Farmers grapple with delicate sludge of bad credit, weird monsoon, crop loss
Frequent crop failures due to the vagaries of the monsoon, lack of secure water resources and pest / disease attacks are reasons why farmers commit suicide
India is the world’s second largest agricultural producer with a 7.68 percent contribution to global production. Closer to home, it contributes around 17.32 percent of India’s gross value added. More than two-thirds of the country’s population live in rural areas, of which around 58 percent depend on agriculture for their livelihood.
According to the World Bank, India is the second largest producer of rice, wheat, cotton, sugarcane, farmed fish, sheep and goat meat, fruits, vegetables and tea. The country has some 195 million hectares of cultivated land, of which about 63 percent is rainfed (about 125 million hectares) while 37 percent is irrigated (70 million hectares).
Over 60% of the Indian population is engaged in agriculture, but unfortunately over 28 farmers / farm workers commit suicide every day in the country (according to data from the National Crime Records Bureau). Over 90 percent of our farmers live in poverty, 25 percent of which are below the poverty line.
While the National Crime Records Bureau (NCRB) is silent on why farmers end their lives, the Causes and Policy Prescription report from 2016-17 cites frequent crop failures due to the vagaries of the monsoon, the lack of secure water resources and pest attacks / diseases. as reasons for farmers to take the extreme step.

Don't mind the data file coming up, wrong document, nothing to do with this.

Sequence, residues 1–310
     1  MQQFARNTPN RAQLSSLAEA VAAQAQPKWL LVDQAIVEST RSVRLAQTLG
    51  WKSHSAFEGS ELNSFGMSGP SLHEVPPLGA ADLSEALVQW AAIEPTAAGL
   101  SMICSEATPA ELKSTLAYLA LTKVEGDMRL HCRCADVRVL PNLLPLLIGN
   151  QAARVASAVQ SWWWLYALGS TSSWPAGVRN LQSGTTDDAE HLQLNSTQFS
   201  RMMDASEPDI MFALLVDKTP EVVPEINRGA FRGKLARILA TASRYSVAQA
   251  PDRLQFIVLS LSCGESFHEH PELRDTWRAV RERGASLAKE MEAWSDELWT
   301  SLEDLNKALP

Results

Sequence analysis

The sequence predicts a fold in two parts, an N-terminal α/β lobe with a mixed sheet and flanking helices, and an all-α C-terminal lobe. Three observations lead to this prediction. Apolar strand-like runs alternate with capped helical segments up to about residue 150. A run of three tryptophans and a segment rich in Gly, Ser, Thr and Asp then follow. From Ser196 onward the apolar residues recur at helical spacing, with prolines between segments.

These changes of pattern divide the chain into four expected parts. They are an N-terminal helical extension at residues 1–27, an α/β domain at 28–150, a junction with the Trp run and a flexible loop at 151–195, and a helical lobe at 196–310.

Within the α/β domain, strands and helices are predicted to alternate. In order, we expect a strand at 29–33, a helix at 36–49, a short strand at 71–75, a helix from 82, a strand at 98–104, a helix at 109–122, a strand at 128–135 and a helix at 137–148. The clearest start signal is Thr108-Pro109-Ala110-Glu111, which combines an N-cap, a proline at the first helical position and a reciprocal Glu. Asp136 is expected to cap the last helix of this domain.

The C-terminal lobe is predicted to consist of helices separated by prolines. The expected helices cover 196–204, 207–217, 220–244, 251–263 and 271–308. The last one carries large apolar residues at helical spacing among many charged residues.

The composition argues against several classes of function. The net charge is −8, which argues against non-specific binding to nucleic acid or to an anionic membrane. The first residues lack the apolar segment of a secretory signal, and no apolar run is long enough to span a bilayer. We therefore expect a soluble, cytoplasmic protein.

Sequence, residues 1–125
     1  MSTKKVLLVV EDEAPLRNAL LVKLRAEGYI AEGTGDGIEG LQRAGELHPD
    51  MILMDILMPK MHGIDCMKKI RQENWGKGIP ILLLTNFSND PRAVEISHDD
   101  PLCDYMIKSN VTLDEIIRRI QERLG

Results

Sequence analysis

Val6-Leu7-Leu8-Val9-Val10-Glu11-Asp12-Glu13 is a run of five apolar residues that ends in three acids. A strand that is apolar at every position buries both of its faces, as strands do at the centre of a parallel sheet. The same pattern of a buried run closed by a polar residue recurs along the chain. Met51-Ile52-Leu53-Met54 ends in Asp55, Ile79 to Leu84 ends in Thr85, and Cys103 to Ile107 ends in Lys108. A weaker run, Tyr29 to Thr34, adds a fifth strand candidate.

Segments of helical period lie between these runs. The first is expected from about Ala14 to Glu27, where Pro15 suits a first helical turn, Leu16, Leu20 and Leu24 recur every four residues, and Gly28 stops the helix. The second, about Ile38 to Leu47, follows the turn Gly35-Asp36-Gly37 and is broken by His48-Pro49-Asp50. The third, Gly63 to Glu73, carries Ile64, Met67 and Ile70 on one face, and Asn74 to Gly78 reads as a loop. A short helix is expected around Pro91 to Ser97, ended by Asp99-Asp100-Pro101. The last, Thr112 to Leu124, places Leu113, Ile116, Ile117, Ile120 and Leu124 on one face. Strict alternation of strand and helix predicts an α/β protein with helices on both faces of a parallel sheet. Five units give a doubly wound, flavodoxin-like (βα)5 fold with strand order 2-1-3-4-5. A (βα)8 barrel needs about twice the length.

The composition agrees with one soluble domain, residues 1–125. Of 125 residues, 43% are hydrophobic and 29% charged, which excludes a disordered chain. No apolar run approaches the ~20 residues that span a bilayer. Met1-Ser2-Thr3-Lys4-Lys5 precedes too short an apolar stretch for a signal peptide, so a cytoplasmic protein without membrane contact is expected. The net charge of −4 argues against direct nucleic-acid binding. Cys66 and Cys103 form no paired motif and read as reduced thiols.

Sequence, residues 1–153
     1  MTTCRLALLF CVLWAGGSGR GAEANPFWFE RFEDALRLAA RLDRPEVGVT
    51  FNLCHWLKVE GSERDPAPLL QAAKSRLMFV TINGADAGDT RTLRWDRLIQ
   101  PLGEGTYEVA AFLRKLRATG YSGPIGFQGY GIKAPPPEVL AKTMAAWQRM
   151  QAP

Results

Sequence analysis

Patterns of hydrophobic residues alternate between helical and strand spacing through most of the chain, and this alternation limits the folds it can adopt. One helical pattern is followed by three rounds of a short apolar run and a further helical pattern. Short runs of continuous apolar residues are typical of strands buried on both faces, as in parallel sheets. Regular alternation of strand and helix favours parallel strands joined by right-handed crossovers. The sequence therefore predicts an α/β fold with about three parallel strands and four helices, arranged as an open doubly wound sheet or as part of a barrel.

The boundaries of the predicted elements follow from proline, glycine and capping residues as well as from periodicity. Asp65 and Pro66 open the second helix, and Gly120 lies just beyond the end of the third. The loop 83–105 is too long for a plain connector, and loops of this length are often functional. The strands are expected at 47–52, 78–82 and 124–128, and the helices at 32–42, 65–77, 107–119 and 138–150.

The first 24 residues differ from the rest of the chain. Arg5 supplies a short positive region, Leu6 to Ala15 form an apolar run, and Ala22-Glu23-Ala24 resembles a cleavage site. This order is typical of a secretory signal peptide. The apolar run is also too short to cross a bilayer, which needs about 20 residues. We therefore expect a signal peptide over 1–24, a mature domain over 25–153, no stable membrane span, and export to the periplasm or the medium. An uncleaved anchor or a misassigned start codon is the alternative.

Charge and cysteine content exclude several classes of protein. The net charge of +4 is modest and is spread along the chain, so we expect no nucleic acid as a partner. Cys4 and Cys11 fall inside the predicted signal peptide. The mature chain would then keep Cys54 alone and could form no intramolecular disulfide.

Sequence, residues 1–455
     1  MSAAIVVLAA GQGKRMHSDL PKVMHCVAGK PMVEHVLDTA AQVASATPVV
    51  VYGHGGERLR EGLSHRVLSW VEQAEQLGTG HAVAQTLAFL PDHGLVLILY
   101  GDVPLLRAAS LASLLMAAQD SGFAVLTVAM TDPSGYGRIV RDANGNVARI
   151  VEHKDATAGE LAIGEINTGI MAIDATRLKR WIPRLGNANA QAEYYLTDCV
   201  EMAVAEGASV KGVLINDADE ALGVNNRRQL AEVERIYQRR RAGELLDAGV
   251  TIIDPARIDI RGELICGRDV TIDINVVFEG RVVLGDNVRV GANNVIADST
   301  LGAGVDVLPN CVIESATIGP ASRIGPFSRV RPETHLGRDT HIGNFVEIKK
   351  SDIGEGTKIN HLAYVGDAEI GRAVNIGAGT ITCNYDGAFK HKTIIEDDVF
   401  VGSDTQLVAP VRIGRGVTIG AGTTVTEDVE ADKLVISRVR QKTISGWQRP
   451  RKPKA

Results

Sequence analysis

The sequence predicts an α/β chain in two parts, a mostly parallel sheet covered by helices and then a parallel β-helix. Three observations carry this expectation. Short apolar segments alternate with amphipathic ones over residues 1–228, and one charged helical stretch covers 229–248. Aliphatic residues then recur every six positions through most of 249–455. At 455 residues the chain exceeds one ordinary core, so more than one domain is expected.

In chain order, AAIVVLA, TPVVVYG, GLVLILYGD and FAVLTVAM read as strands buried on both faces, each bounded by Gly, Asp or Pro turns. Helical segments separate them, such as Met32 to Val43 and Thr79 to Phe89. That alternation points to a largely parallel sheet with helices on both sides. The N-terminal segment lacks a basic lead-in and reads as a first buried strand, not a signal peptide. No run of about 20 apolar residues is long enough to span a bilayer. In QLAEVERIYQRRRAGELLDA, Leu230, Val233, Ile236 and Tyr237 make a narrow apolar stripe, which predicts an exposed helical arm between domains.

Switch from grains to legumes and non-vegetarian foods
Over the past decades, with increasing per capita income and access to a variety of food groups, the country’s food consumption pattern has changed dramatically. Dependence on grains for nutrition has decreased and protein consumption has increased. The main sources of protein are legumes, meat, seafood, and eggs, among others.
According to a finance ministry report aimed at “encouraging legume production in the country”, low levels of nutrition suggest that increasing protein consumption should be the government’s policy priority. The report estimates that the cost of pulses as a source of protein is lower than that of other sources. In the current national scenario, India faces a shortage of pulses, which is hampered by imports.
A majority of farmers, mainly in Green Revolution beneficiary states like Haryana, Punjab, UP, MP and Bihar, are more focused on growing wheat and rice. Total food grain production increased from 51 million tonnes in 1950-51 to 252 million tonnes in 2015-16. Wheat and rice production took off after the Green Revolution in the 1960s and, in 2015-2016, wheat and rice made up 78% of the food grains produced in the country.
Farmers in Punjab and Haryana say they only get the government minimum support price (MSP) for wheat and rice and therefore continue to grow them. Taran Grewal, a farmer based in Ludhiana, said he was ready to grow pulses and vegetables, but was unable to recoup even half the cost of his inputs. “When we grow grain, we are assured that the government will buy it, but for other crops, there is no security. Last year I harvested cauliflowers, but no one bought them. So we only grow food grains, ”he said.